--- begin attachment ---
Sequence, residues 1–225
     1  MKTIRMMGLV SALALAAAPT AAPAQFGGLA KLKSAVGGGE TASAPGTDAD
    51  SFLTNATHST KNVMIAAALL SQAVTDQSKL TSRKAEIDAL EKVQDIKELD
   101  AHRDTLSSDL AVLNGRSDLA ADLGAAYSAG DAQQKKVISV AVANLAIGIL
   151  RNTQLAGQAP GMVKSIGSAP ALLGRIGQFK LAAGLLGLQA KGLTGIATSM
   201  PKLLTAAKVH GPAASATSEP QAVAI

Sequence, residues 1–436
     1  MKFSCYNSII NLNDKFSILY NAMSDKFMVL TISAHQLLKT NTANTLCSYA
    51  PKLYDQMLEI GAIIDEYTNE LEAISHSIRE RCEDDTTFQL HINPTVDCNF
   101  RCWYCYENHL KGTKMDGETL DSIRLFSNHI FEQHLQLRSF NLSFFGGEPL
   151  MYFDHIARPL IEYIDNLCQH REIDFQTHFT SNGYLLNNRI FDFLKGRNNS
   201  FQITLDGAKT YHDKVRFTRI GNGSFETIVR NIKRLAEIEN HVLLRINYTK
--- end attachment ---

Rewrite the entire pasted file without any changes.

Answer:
Sequence, residues 1–225
     1  MKTIRMMGLV SALALAAAPT AAPAQFGGLA KLKSAVGGGE TASAPGTDAD
    51  SFLTNATHST KNVMIAAALL SQAVTDQSKL TSRKAEIDAL EKVQDIKELD
   101  AHRDTLSSDL AVLNGRSDLA ADLGAAYSAG DAQQKKVISV AVANLAIGIL
   151  RNTQLAGQAP GMVKSIGSAP ALLGRIGQFK LAAGLLGLQA KGLTGIATSM
   201  PKLLTAAKVH GPAASATSEP QAVAI

Sequence, residues 1–436
     1  MKFSCYNSII NLNDKFSILY NAMSDKFMVL TISAHQLLKT NTANTLCSYA
    51  PKLYDQMLEI GAIIDEYTNE LEAISHSIRE RCEDDTTFQL HINPTVDCNF
   101  RCWYCYENHL KGTKMDGETL DSIRLFSNHI FEQHLQLRSF NLSFFGGEPL
   151  MYFDHIARPL IEYIDNLCQH REIDFQTHFT SNGYLLNNRI FDFLKGRNNS
   201  FQITLDGAKT YHDKVRFTRI GNGSFETIVR NIKRLAEIEN HVLLRINYTK